Olsen was one of the fortunate. He was reassigned to California and went aboard the USS Lexington, a carrier that was moored at Long Beach. Soon, he and his shipmates aboard the carrier went to sea.

Adm. Chester Nimitz, commander of the U.S. Pacific Fleet, dispatched the carriers Lexington and Yorktown to intercept a Japanese convoy of 11 transport ships filled with enemy soldiers. They were headed for New Guinea, where they were to launch an attack against the island’s north coast. The enemy’s ultimate target was Australia, 400 miles away.

On May 7, 1942, the two American carriers caught up to the Japanese transports in the Coral Sea. Before the battle was over, the Lexington was severely damaged and had to be sent to the bottom by an American destroyer.

Vern looks like he’s ready for a night on the town. It was taken before he got hitched. Photo provided

Vern looks like he’s ready for a night on the town. It was taken before he got hitched. Photo provided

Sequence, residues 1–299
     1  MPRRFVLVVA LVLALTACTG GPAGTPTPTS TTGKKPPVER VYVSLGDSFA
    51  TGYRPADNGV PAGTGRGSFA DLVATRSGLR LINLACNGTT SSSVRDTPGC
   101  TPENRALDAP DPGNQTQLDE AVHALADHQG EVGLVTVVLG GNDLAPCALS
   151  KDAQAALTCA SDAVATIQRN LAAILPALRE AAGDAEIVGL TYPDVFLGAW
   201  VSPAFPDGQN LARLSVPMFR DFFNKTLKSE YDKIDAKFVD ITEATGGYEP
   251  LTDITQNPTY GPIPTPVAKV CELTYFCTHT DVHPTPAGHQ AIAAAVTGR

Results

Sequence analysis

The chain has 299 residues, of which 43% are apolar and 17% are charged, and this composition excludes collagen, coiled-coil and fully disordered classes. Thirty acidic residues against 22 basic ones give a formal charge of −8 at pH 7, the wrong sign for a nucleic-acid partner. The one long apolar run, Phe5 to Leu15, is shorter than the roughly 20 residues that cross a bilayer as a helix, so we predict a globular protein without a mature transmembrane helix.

“I remember floating around in the water for a short while after we were told to abandon the Lexington,” Olsen said. “I wasn’t in the water long before I was picked up by one of our ships. I was put ashore unhurt along with other sailors from the Lexington.”

He went back to the states and reported to electrician’s school at Norfolk, Va. By the time he graduated from electrician’s school in 1943, he and Joann, his wife of 67 years, were married.

After the Japanese surrender in September 1945 on the deck of the battleship Missouri in Tokyo Bay, Olsen still had a year of service to give his country. He had signed up for a six-year hitch in the Navy in 1940. It was at this point he became a guinea pig at Bikini Atoll in the Pacific.